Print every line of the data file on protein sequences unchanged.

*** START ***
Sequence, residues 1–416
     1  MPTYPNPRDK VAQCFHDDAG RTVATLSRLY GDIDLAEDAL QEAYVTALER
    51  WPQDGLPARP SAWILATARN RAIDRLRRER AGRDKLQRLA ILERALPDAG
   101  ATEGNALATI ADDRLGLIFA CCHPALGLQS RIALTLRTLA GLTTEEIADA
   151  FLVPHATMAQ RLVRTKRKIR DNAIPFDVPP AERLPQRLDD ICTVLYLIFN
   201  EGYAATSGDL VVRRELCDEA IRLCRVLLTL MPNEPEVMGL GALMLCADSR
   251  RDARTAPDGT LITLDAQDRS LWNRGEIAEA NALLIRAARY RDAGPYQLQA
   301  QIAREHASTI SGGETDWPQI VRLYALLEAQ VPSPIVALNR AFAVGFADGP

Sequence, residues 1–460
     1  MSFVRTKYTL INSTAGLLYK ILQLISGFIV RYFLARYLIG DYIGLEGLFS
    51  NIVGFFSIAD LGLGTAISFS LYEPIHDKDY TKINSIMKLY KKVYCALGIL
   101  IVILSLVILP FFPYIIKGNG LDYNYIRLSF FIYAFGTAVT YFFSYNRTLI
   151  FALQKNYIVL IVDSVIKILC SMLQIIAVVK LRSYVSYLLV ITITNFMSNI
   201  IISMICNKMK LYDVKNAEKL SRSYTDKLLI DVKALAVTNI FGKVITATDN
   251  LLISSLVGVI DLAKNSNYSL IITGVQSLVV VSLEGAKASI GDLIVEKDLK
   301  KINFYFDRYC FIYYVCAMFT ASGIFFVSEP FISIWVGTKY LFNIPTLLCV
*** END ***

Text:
Sequence, residues 1–416
     1  MPTYPNPRDK VAQCFHDDAG RTVATLSRLY GDIDLAEDAL QEAYVTALER
    51  WPQDGLPARP SAWILATARN RAIDRLRRER AGRDKLQRLA ILERALPDAG
   101  ATEGNALATI ADDRLGLIFA CCHPALGLQS RIALTLRTLA GLTTEEIADA
   151  FLVPHATMAQ RLVRTKRKIR DNAIPFDVPP AERLPQRLDD ICTVLYLIFN
   201  EGYAATSGDL VVRRELCDEA IRLCRVLLTL MPNEPEVMGL GALMLCADSR
   251  RDARTAPDGT LITLDAQDRS LWNRGEIAEA NALLIRAARY RDAGPYQLQA
   301  QIAREHASTI SGGETDWPQI VRLYALLEAQ VPSPIVALNR AFAVGFADGP

Sequence, residues 1–460
     1  MSFVRTKYTL INSTAGLLYK ILQLISGFIV RYFLARYLIG DYIGLEGLFS
    51  NIVGFFSIAD LGLGTAISFS LYEPIHDKDY TKINSIMKLY KKVYCALGIL
   101  IVILSLVILP FFPYIIKGNG LDYNYIRLSF FIYAFGTAVT YFFSYNRTLI
   151  FALQKNYIVL IVDSVIKILC SMLQIIAVVK LRSYVSYLLV ITITNFMSNI
   201  IISMICNKMK LYDVKNAEKL SRSYTDKLLI DVKALAVTNI FGKVITATDN
   251  LLISSLVGVI DLAKNSNYSL IITGVQSLVV VSLEGAKASI GDLIVEKDLK
   301  KINFYFDRYC FIYYVCAMFT ASGIFFVSEP FISIWVGTKY LFNIPTLLCV